Polar Glass: Glacier at Borebukta (78°25' N 014°06 E) is the recording of a glacier slowly melting near the degree location listed within the title. The glacier is at the end (or top) of the earth. In a recent expedition to the Arctic Circle during the summer solstice of 2014, I encountered glaciers in the polar cap of the planet that were cascaded in the vibrant rays of the midnight sun which bathed the ice fronts in 24 hours of daylight. The glaciers white fronts met the sun’s short orbit around the sky reflecting a blinding light which lead to the continual cracking of the ice. Sometimes the ice sounded like a glass of cold ice water shifting and dispersing into a cup on a hot summer day. Other times the ice would calve in large pieces or sheets which would initiate a small tsunami wave and a thunderous roar at my feet. More often the glacial shifts sounded like small pieces of glass being dropped into a shallow pool.
Climbing off the rocky shore and up to the shored ice, my feet sunk into the quick sand-like terrain that surrounded the base of the ancient ice. My ears rested against its surface and my hands gripped its slick sides. The sound recorded is the real time recording of this particular glacial ice’s accelerated depletion of remaining life. It is the sound of its transformation to its new body- a fluid and traveling expanse. An expanse that in the future may cover our lands and change the earth from the way we recognize it now as we move into the future. As the sound waves of this recording travel farther into the world as vibrations, becoming quieter and quieter, they meet the friction of the atmosphere falling silent. Much like the sound vibrations of this piece, the glaciers themselves will also become silent.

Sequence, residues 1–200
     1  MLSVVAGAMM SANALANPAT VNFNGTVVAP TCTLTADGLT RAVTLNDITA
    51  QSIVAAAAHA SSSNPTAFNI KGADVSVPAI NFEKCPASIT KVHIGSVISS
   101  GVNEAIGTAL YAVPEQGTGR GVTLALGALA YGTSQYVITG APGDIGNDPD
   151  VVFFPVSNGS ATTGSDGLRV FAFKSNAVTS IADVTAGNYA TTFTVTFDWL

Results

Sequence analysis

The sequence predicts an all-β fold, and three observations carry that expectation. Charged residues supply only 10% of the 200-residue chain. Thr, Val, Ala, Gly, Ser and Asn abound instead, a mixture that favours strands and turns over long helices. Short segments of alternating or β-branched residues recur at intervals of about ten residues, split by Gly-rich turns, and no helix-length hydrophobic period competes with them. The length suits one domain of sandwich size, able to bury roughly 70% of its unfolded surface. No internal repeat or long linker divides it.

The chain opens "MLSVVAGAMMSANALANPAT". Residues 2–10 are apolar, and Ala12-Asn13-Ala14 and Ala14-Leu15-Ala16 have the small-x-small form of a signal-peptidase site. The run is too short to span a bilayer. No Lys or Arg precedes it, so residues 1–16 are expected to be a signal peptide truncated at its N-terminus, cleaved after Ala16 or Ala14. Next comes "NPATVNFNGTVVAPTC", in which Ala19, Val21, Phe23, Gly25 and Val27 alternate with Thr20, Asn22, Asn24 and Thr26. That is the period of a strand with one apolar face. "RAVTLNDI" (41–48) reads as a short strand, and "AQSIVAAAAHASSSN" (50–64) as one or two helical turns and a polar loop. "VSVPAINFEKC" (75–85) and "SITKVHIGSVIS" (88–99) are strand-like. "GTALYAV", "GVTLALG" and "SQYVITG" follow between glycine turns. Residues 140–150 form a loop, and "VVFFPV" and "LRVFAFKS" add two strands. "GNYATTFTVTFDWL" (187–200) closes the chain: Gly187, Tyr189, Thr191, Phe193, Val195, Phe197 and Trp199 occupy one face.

Brittany Ransom is an artist and educator who creates interactive installations, electronic art objects, and site specific interventions that strive to probe the line between human, animal, and environmental relations while exploring emergent technologies. Using technology as a material, Ransom’s work introduces concepts exploring the conflicted relationships between our culture, the concern for nature, and the way we interact with the natural world. She explores the paradoxical bond between human nature, its inhabitants and the co-evolution between the living and budding technological innovation while questioning these technologies. Ransom’s work invites the viewer to question how technology can concurrently invent, destroy, enshroud, and expose itself within our shared environments.
Ransom received her Master of Fine Arts Degree with a focus in New Media Arts (formerly known as Electronic Visualization) from the University of Illinois at Chicago in May of 2011. Ransom is the recipient of the University Research Council and Instructional Technology Grant awards (2013-14) and the prestigious College Art Association Professional Development Fellowship in January 2011. Prior to her time in Chicago, Ransom lived and worked in Columbus, Ohio. She received her Bachelor of Fine Arts degree with distinction in Art and Technology from The Ohio State University in 2008. She has exhibited her work both nationally and internationally and has been featured in several publications. Ransom is currently serving as the Assistant Professor of Digital/Hybrid Media + Video Art at Southern Methodist University in Dallas, Texas.